background The 2007 workers' compensation reform imposed duration caps for permanent partial disability payments under Workers' Compensation Law (WCL) §15(3)(w) on claims with a date of accident or disability on or after March 17, 2007. The caps are based on the injured worker's loss of wage earning capacity
To have a PPD-NSL award Permanent medical impairment which is NOT eligible for a non-schedule award Has reached MMI Fill out a C-4.3
MMI A finding of maximum medical improvement is based on a medical judgment that (a) the claimant has recovered from the work related injury to the greatest extent that is expected and (b) no further improvements in his or her condition is reasonably expected. The need for palliative care or symptomatic treatment does not preclude a finding of MMI. In cases that do not involve surgery or fractures, MMI cannot be determined prior to six months from the date of injury or disablement, unless otherwise agreed to by the parties.
Criteria for loss of wage earning capacity 1. Evaluation and ranking of medical impairment 2. Evaluation of functional ability/loss 3. Determination of loss of wage earning capacity based on impairment, function and vocational factors (including education, skills, literacy, age, etc.)
The first two inputs are medical evidence provided by the treating provider and the carrier consultant, when appropriate. The third input is non-medical evidence that is presented by the parties as part of the evaluation of loss of wage earning capacity
Medical professionals not express opinions on the ultimate issue of loss of wage earning capacity provide information on the claimant’s medical impairment functional and exertional limitations other medical issues relevant to the judge’s determination of loss of wage earning capacity.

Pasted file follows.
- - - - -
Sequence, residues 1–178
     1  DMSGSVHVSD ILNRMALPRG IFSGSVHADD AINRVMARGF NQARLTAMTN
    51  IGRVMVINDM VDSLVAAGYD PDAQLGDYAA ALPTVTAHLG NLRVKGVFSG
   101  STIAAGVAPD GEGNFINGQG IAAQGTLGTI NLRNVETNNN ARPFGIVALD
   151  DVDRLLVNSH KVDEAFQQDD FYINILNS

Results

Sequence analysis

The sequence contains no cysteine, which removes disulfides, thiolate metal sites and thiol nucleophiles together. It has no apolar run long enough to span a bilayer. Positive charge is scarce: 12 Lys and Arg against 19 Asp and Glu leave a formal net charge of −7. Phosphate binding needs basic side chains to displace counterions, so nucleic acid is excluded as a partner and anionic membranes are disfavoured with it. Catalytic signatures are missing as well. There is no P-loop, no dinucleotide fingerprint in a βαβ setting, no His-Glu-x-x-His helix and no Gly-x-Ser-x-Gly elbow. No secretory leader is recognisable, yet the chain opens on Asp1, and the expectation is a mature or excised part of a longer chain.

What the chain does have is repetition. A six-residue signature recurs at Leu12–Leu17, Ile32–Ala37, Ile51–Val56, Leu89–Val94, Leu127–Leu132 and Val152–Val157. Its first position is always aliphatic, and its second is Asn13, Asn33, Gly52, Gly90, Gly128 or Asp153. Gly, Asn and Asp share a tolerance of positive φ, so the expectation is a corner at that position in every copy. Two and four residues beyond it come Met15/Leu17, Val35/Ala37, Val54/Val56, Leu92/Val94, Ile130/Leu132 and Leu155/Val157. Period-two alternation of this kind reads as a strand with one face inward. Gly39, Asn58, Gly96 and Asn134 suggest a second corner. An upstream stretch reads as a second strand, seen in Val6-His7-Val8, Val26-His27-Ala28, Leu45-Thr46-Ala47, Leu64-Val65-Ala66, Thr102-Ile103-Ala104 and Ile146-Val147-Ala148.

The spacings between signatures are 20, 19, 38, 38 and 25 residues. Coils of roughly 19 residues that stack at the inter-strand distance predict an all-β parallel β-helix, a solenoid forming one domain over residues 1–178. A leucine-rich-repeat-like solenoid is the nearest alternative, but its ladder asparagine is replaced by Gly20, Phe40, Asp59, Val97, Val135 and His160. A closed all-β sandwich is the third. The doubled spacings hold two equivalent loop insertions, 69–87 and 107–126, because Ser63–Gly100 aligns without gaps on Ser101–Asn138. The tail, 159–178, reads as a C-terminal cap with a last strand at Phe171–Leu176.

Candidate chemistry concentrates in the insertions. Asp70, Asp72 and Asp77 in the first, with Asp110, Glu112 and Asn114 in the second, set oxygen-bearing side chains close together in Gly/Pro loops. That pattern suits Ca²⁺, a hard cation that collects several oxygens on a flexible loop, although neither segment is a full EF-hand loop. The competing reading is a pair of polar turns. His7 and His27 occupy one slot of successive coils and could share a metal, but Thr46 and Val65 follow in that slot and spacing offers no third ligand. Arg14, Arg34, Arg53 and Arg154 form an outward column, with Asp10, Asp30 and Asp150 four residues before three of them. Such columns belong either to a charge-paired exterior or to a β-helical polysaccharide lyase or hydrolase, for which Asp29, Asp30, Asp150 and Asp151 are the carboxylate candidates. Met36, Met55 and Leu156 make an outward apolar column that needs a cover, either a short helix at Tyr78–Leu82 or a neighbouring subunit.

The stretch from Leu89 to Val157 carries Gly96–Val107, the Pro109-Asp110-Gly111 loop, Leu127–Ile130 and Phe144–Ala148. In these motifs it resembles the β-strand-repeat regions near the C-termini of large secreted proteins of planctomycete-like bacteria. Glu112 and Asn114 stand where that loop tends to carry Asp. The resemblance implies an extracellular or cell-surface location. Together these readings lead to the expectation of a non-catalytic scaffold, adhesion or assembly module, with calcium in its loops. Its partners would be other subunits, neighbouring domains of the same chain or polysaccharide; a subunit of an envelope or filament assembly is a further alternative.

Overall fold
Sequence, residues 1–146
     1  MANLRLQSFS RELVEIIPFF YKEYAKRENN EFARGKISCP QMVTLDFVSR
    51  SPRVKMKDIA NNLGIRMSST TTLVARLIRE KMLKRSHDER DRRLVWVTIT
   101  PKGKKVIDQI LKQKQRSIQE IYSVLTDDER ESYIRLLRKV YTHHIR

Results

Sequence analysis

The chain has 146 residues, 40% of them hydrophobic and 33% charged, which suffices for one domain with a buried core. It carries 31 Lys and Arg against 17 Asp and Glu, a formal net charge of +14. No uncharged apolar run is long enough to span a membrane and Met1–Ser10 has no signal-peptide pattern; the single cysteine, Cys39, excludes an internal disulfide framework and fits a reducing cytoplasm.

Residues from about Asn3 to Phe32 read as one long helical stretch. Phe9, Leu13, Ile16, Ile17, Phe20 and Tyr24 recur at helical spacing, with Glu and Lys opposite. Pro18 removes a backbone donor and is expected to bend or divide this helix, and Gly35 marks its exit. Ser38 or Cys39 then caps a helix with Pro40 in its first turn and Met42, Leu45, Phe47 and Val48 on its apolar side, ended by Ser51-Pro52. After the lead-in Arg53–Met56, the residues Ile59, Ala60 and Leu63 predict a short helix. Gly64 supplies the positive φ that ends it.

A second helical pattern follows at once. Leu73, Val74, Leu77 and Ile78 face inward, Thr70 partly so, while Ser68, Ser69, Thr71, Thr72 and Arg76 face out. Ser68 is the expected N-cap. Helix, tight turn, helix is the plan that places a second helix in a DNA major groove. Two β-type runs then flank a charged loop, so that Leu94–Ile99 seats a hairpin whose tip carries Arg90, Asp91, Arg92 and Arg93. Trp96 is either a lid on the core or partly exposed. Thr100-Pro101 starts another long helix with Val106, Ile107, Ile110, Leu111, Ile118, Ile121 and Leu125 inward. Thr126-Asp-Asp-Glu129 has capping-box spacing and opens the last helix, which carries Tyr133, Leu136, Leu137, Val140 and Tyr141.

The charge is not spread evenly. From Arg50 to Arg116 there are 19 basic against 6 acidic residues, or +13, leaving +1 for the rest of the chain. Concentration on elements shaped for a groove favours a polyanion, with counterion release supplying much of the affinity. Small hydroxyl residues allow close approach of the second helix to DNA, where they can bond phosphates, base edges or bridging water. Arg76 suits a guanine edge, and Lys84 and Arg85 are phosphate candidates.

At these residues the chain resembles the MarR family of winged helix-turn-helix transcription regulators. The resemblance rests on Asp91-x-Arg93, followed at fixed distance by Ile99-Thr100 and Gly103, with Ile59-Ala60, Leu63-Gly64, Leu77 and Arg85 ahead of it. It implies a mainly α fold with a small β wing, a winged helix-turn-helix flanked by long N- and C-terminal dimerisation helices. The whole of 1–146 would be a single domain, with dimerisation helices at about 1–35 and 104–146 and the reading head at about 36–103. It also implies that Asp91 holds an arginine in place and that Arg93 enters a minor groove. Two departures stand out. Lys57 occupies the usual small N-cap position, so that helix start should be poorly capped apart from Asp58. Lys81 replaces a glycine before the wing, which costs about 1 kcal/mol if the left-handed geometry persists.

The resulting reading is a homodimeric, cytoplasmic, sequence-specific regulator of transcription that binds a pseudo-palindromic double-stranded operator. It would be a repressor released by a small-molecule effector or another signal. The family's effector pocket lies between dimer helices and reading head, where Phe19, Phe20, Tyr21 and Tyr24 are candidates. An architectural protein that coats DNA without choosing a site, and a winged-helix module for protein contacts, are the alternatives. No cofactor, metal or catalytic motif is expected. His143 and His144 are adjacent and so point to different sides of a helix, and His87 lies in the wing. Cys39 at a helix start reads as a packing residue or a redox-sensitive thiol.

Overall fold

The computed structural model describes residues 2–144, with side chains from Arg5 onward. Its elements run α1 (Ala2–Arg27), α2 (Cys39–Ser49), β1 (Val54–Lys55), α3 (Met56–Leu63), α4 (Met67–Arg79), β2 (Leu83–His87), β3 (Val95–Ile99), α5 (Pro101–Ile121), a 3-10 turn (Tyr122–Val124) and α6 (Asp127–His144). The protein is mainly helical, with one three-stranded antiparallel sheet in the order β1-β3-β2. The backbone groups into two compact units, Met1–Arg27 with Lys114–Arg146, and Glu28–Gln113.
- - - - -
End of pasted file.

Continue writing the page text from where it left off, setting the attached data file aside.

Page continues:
The physician’s functional evaluation should include the following considerations and be recorded on the Doctor’s Report of MMI/Permanent Impairment (Form C-4.3).
At- Job Injury The physician should first document whether or not the injured worker is capable of performing the work activities of the at-injury job. The physician should request a job description or other similar documentation from the employer and speak with the claimant about the job requirements. If the employer maintains that the injured worker is capable of performing the at-injury job, the employer must provide appropriate detail about the physical job requirements. The physician should document whether the claimant can perform the at-injury job requirements based on the best information available to the physician about the job requirements at the time of evaluation.
Functional ability/restrictions: The physician should measure the injured worker’s performance and restrictions across a range of functional abilities dynamic abilities (lifting, carrying, pushing, pulling and grasping) general tolerances (walking, sitting and standing) specific tolerances (climbing, bending/stooping, kneeling, and reaching). These abilities and restrictions, including specific weight and time limitations, should be recorded on the Form C-4.3. Alternatively, the physician may refer the injured worker to a physical or occupational therapist for completion of the functional measurements and, after the physician’s review, incorporate them into the Form C-4.3.
Physician should rate the injured worker’s residual exertional capacity according to the standard classification system Exertional capacities relate to those activities that require lifting and/or pushing or pulling objects.
Sedentary Exerting up to 10 pounds of force occasionally and/or a negligible amount of force frequently to lift, carry, push, pull or otherwise move objects, including the human body. Sedentary work involves sitting most of the time, but may involve walking or standing for brief periods of time. Jobs are sedentary if walking and standing are required only occasionally and all other sedentary criteria are met.